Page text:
In step 440, information on the updated neighbor cell list is distributed to each serving radio access node affected by the update. Information to the serving radio access node(s) may be propagated from a server in a management system 350 holding the database containing updated neighbor cell lists, whereby a copy of the updated neighbor cell list is sent to the respective serving radio access node in step 441 a. In an alternative embodiment, an order is sent in step 441 b to a serving radio access node that updated neighbor cell information is available in the database containing the updated neighbor cell lists. The serving radio access node receiving the order is expected to proceed with downloading a copy of the updated neighbor cell list from the central database storing the set of updated neighbor cell lists. The step of updating the information in the neighbor cell lists for a set of cells neighboring the moving cell, and transferring this information to the neighboring cells concerned by this change of neighbor cell lists, is performed in real-time within a second time-frame Δt2 that makes the change(s) effective in the network. The real-time properties of Δt1 and Δt2 should be dimensioned to be fast enough for making the change effective while the moving cell is in range to receive handovers from and make handovers to the involved neighbor cells. For a fast-moving cell this may involve prediction of future positions, e.g from a known route for the moving cell following from a travel plan/schedule for a vehicle including the moving cell. The step 410 of determining the need for a neighbor cell list update may then be performed at least partly on predicted values, e.g. estimated from historical, calculated or defaulted numbers, in order to be able to perform step 440 in time for the moving cell arriving to its new position.
FIG. 5 a discloses a state of the art cellular network 500. A geographic area is covered by a number of overlapping macro cells 510-550. A first set of cells 510, 520 and 530 belong to a radio access node 515, configured as a typical 3 sector radio base station. Cells 540 and 550 are served by radio access node 545. A number of smaller cells add capacity and or/performance in parts of the cell pattern. Cell 560 overlaps with a portion of the cell intersection of cells 530, 540 and 550 and is configured to be a hotspot or filler cell improving performance on the edge of the cells 530-550. The smaller cell 570 may represent a shopping center, requiring additional traffic capacity during opening hours. The cell may also represent an area exposed to radio shading so that additional coverage fill in an area specifically exposed to fading. Cells 580 and 590 are similar to cell 570, but shows that there may be overlap and hence handovers between the small cells as well.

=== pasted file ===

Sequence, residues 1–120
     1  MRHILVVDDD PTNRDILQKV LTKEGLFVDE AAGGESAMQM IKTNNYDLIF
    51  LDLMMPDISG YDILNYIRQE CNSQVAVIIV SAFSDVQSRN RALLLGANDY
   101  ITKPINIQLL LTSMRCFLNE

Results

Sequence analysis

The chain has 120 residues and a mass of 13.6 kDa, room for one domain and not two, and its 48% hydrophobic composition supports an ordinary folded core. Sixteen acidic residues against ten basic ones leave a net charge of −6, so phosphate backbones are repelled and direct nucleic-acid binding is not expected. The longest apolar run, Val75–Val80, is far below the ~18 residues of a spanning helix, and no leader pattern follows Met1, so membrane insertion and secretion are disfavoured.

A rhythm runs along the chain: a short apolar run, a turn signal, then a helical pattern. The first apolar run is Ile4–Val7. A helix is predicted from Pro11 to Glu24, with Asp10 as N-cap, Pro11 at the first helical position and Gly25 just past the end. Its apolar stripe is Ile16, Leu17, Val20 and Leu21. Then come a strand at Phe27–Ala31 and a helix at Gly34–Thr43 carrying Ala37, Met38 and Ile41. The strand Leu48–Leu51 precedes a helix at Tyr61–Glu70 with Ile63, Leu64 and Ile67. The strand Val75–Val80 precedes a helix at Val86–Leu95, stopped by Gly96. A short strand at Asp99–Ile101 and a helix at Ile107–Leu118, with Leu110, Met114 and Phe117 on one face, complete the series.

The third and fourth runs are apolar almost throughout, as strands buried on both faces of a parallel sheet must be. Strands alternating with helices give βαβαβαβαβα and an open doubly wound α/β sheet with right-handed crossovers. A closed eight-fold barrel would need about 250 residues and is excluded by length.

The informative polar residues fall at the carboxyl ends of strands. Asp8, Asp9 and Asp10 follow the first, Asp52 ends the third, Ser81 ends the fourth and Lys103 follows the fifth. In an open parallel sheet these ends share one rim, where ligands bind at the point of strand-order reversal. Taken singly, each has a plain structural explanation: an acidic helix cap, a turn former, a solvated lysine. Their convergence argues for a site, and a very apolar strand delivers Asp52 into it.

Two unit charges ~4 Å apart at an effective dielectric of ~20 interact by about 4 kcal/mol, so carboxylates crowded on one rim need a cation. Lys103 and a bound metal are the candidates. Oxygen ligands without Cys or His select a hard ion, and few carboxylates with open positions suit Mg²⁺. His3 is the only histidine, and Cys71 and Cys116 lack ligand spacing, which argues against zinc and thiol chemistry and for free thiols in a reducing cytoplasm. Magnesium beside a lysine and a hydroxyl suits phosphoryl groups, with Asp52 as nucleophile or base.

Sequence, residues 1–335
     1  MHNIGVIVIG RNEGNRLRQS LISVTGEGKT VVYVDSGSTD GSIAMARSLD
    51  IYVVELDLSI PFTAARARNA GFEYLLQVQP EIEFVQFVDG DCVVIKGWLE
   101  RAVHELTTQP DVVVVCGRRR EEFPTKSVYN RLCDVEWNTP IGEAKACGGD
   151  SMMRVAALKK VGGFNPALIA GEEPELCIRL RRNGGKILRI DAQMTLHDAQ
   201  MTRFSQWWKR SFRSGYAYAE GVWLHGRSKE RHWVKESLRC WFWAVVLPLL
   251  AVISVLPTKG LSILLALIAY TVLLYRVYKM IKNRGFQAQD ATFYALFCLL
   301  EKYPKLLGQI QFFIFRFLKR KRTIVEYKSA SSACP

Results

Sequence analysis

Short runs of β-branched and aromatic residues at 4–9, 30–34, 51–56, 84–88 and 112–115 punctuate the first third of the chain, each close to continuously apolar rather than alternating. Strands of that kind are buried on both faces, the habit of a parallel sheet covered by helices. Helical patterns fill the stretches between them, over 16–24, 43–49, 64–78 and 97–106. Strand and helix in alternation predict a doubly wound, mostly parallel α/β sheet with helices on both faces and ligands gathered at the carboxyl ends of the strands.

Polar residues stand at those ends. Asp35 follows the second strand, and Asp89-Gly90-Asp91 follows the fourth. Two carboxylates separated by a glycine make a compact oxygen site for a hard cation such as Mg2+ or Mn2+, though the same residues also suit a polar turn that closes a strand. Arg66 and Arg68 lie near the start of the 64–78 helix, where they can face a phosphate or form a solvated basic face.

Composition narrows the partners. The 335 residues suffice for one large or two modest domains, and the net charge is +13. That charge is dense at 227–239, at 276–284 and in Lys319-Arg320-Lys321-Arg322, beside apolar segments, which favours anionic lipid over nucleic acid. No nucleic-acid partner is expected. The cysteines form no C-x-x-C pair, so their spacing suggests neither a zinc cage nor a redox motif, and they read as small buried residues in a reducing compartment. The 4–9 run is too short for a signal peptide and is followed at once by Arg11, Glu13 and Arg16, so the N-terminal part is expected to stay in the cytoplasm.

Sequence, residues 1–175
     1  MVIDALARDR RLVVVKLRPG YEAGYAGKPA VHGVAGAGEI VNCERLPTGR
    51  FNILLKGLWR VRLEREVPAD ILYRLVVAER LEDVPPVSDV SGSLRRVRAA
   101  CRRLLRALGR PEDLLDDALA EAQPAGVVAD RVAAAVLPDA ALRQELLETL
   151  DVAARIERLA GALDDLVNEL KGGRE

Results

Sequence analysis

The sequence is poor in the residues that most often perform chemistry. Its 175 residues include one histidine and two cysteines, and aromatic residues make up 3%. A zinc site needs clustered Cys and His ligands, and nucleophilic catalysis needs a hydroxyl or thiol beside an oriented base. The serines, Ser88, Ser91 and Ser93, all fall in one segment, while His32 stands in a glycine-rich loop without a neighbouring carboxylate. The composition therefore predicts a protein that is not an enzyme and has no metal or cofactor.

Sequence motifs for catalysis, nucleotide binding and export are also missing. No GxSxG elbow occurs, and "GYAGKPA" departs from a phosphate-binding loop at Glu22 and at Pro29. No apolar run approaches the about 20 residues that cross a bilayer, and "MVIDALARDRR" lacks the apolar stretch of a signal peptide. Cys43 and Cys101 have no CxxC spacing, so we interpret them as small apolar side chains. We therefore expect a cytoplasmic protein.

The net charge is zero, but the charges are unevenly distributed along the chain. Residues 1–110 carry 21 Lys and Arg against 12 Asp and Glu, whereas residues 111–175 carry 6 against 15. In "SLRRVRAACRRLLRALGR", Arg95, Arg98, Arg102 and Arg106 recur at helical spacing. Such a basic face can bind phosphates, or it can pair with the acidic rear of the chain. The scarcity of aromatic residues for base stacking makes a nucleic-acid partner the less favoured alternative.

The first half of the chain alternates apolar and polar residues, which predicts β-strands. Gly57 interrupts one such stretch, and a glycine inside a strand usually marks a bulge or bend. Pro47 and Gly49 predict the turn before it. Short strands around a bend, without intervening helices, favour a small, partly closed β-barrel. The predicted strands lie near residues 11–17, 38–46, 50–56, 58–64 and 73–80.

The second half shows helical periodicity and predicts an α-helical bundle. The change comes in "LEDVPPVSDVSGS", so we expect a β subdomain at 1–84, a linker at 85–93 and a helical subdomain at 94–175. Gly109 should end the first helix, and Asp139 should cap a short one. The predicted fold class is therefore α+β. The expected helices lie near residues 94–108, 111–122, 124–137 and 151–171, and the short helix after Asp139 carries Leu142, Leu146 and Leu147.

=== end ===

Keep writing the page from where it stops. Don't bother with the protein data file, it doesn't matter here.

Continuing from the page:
FIG. 5 b discloses the same cell pattern, wherein the cell 580 is configured as a moving cell. The physical parts of the radio access node serving cell 580, may be located in some type of vehicle. In a first position, illustrated as cell 580 a, the cell 580 a is a neighbor to cells 590 and 520. Moving to a second position, the cell 580 b neighbors cell 530, but is no longer a neighbor to cell 590. Moving into the new position, the cell 580 b, determines that there is a need for neighbor cell list update, as previously discussed with relation to FIG. 4. A neighbor cell list is generated for the moving cell in the position 580 b, whereupon the neighbor cell list of cell 530 may be updated as soon as it has been concluded that this is a new neighbor cell relation for the moving cell in position 580 b. Information is then submitted to the serving radio access node on the updated neighbor cell lists for the two cells 530, 580. Exiting position 580 a, the cell may still be listed in the neighbor cell list of 590. The consequence of this is that a mobile in cell 590 investigating the possibility for hand-over to neighboring cell 580 a according to the neighbor cell list will be unable to find the cell. In an embodiment of the invention, a moving cell leaving an area may inform neighboring cells on the expiry of the neighboring relations to avoid the crowding of neighbor cell lists with cells that no longer should be a part of this list. In a third position, is illustrated as cell 580 c, the cell 580 c is no longer a neighbor to cell 520. As previously discussed with regard to the neighbor relation between cell 580 a and cell 590, cell 580 a could still be listed in the neighbor cell list of cell 520, but in an embodiment of the invention information could also be sent when exiting from a position having a set of neighbor cell relations. Expiry of a neighboring cell from the neighbor cell list of cell 520, does not have to be performed urgently, but may be required as part of a regular expiry of depreciated neighbors that have not been active during a specified period of time. In the position illustrated as cell 580 d, the cell has no neighboring relations at all. Such a situation could occur for any type of vehicle moving outside a coverage area of a cellular network, whilst still offering coverage to passengers of the vehicle. Moving on to the position illustrated as cell 580 e, the moving cell 580 e detects one neighboring relation to cell 550. The neighbor cell list for the cell 580 e, is updated as described in connection to FIG. 4. Based on the neighbor cell list for cell 580 e, the cell 580 e is introduced as a neighboring cell in the neighbor cell list of cell 550. The updated neighbor cell lists for cell 550 and cell 580 e, are submitted to the radio access node 545.